Today's colloquium speaker was Lawrence M. Krauss, who is somewhat well-known for doing a lot of public outreach and having written several books aimed at the general public. (One of these books was The Physics of Star Trek, which I received from three or four separate people as birthday gifts when it came out in 1995.) He's also done political advocacy, perhaps most notably fighting "intelligent design" creationism in Ohio. Today's colloquium was about neither Star Trek nor politics, however, but about the "dismal future" of the universe.
The talk was basically a series of extrapolations from the fact that cosmological observations show a universe that is not only expanding, but expanding at an exponentially increasing rate. The most direct consequence is that eventually everything that isn't gravitationally bound to our galaxy cluster will be receding away at faster than the speed of light, not only inaccessible but invisible. This won't happen for many billions of years, so it's not of any particular concern to us personally, but will be an issue for the future of life itself. As a result of being isolated to a single cluster, the amount of energy available becomes limited: I think the estimated number was 3x1067 Joules, for what it's worth. Consequently, the amount of information that can be processed also is limited, to on the order of 10120 bits. One of the more interesting numbers quoted was that, if one assumes that Moore's Law will continue to hold on the rate of information processing, civilization would run through this capacity in just 400 years. (Since at the moment we are limited to the amount of energy here on Earth, I expect Moore's Law will fail rather sooner than this, which is why I'm skeptical about Singularity talk.)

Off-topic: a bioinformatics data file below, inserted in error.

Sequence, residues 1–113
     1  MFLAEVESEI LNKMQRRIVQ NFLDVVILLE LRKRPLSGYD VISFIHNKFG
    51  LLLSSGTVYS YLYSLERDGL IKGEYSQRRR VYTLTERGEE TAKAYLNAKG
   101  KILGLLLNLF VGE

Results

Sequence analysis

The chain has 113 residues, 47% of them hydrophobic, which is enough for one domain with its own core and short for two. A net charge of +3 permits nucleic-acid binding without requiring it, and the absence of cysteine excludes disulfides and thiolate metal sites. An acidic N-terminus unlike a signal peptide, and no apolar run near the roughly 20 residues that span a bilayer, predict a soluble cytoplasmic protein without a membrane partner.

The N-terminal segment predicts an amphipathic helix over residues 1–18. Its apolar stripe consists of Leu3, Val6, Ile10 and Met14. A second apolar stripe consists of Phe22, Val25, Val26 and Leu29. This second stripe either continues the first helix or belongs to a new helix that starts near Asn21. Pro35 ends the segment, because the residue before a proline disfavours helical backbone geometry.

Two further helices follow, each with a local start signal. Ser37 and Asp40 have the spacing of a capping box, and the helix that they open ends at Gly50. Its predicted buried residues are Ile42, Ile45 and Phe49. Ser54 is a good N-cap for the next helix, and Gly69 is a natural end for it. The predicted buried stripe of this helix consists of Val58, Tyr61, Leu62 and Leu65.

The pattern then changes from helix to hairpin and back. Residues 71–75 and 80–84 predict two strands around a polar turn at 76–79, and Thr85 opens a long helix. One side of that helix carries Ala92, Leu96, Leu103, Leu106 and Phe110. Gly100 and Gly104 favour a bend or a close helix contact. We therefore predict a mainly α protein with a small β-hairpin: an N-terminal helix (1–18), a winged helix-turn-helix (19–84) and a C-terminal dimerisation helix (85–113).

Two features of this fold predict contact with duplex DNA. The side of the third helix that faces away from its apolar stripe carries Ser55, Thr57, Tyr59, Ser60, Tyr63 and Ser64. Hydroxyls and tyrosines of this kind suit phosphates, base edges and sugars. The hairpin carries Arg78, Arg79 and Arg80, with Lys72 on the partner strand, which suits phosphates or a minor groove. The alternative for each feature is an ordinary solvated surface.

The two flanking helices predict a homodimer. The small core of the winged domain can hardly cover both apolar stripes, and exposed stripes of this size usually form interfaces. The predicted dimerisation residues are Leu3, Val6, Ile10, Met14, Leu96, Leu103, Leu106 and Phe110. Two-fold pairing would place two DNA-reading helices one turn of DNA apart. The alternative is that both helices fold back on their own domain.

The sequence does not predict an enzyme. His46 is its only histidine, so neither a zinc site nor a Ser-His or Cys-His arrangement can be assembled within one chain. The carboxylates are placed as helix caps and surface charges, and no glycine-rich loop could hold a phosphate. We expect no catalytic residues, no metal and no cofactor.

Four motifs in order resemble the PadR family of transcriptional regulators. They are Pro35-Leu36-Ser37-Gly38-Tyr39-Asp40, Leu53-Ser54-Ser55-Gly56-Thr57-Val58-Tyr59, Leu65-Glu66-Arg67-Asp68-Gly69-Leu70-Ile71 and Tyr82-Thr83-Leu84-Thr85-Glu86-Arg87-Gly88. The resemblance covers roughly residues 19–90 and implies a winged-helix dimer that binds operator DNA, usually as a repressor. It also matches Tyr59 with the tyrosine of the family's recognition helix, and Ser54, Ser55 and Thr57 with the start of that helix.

Another section of Krauss' talk was devoted to what cosmology would look like to a far-future civilization in one of these "island universes" created by expansion. Since these future scientists would be unable to observe the universe outside the cluster, they would be unable to infer the expanding universe or the Big Bang, and would conclude that the universe was static. (They could, however, estimate the age of the universe from abundance of various elements.)
Finally, on long timescales everything disappears, as dark matter halos evaporate and galaxies dissipate.
Krauss, being a more public figure than most physicists, was a very good speaker who gave an entertaining talk. He was deliberately provocative, declaring at the beginning that he would alienate most of the audience, and particularly targeted advocates of the anthropic principle. I was hoping for more fireworks in the question session, but it was somewhat tame. A video of this talk will appear at some point here on the department website.Tags: Colloquia, Physics